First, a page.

Iowa is known throughout the nation as one of the most important states in the presidential nomination process, but it may not hold that distinction for much longer.
"The Democrats added another caucus in Nevada and a primary in South Carolina. Also, Super Tuesday, the day where most states hold their primary elections and caucuses, has been moved up this year," said Dianne Bystrom, director of the Catt Center for Women and Politics at Iowa State University. "It used to be that there weren't any additional tests. I think that we could lose our status as first caucus in the nation soon."
On Super Tuesday, 20 states in the country hold their primary elections and determine who they want as their presidential nominees. Super Tuesday was traditionally in early March, but this year, it has been moved up to Feb. 5.
"Super Tuesday is causing uncertainty in how much impact the Iowa caucuses will have," said James McCormick, professor and chairman of political science.
While Iowa moved up its caucus date to match this shift, that's only a short-term response.
"We can't move up the caucus date much further," Bystrom said.
Also, Iowa's position has been criticized for the perception that Iowa and New Hampshire, which traditionally holds the first primary election in the nation, do not reflect the average state.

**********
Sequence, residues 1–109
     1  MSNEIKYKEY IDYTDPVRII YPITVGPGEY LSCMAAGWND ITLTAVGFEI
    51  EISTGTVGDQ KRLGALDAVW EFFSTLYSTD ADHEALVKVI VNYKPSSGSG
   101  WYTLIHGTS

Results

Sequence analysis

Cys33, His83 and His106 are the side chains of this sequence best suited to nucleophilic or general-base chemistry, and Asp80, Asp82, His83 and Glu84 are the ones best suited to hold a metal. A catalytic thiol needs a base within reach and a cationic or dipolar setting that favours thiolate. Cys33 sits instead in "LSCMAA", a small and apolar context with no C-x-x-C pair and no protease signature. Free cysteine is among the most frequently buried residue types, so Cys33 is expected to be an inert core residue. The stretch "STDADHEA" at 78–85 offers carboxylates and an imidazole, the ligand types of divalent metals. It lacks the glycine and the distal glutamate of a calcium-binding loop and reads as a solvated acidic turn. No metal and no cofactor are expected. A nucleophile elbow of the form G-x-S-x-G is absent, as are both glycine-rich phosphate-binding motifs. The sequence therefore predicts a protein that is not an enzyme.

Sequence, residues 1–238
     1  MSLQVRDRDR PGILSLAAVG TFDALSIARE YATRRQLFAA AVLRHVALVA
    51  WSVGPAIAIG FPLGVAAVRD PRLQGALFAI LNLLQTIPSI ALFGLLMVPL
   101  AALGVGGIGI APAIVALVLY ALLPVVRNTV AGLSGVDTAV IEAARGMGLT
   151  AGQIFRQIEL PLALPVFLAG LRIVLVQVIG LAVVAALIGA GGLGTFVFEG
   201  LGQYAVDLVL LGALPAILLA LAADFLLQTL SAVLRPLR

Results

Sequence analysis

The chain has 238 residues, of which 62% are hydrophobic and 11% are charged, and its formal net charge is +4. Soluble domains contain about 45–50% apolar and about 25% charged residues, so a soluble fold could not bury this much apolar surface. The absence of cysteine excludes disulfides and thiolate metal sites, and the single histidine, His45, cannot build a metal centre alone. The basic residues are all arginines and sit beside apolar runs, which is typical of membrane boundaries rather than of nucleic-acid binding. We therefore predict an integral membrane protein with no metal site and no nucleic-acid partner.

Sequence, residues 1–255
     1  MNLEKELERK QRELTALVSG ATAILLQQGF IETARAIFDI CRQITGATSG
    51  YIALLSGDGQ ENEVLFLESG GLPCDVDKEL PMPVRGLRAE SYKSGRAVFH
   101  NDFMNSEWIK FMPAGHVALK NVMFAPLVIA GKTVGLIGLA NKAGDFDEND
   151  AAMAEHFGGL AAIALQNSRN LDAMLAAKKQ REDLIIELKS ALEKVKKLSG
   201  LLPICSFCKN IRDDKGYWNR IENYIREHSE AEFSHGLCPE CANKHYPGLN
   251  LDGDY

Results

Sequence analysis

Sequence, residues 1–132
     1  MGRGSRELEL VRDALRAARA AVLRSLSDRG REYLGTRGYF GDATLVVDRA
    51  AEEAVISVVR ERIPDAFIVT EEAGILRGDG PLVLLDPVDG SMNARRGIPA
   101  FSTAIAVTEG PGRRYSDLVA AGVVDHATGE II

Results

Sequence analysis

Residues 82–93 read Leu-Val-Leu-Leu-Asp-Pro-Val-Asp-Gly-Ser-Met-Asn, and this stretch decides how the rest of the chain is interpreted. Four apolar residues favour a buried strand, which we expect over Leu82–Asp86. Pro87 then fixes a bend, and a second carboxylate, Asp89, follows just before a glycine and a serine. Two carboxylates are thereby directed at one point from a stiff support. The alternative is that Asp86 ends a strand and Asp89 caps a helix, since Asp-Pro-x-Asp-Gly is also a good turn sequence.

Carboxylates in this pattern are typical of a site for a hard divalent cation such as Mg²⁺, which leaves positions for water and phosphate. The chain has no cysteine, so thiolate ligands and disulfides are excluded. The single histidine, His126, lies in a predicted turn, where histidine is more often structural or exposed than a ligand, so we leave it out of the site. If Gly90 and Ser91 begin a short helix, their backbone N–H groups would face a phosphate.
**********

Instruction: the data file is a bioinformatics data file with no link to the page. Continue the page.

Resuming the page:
"There has been lots of criticism that Iowa and New Hampshire are not diverse enough states to represent the population accurately," Bystrom said.
Also, other states are looking to move up their caucus and primary dates. Florida and Michigan have both moved up their dates to Jan. 29 and Jan. 15, respectively.
"Other states want to take part in what Iowa and New Hampshire has," Bystrom said.
However, that doesn't necessarily mean the Iowa caucuses will be any less important in the future. McCormick said the main point of the Iowa caucuses is to measure the candidates' personal skills.
"It tests candidates in their ability to meet voters in a one-on-one basis," he said. "It sees whether they can find out what is on the voters' minds in the Midwest and, particularly, here in Iowa."
Bystrom said the political candidates and media like the fact that Iowa and New Hampshire provide the first tests of the candidates.
"They are fairly small states, so the candidates can get out and meet people one on one. There's also a lot of historical sentiment for keeping Iowa and New Hampshire first," Bystrom said. "It's a different campaigning experience than in other states."
McCormick said one state has to be a determining factor in shaping the field of candidates.
"The Republican and Democratic parties of Iowa will continue to jealously guard that role of being the first in the nation," he said.
Despite how much they guard the role, it might not be theirs much longer.
"There is a lot of speculation that Iowa won't have the same importance this year because candidates now have to pay attention to Nevada and South Carolina," Bystrom said. "The candidates can't focus as much attention on us as they did four years ago."
Although the Iowa caucuses are being held as the first national test of who supports which candidate, they aren't always that accurate of a test.
"The Iowa caucus winner wins the presidential nomination roughly half of the time," McCormick said.
© 2007 Iowa State Daily via U-WIRE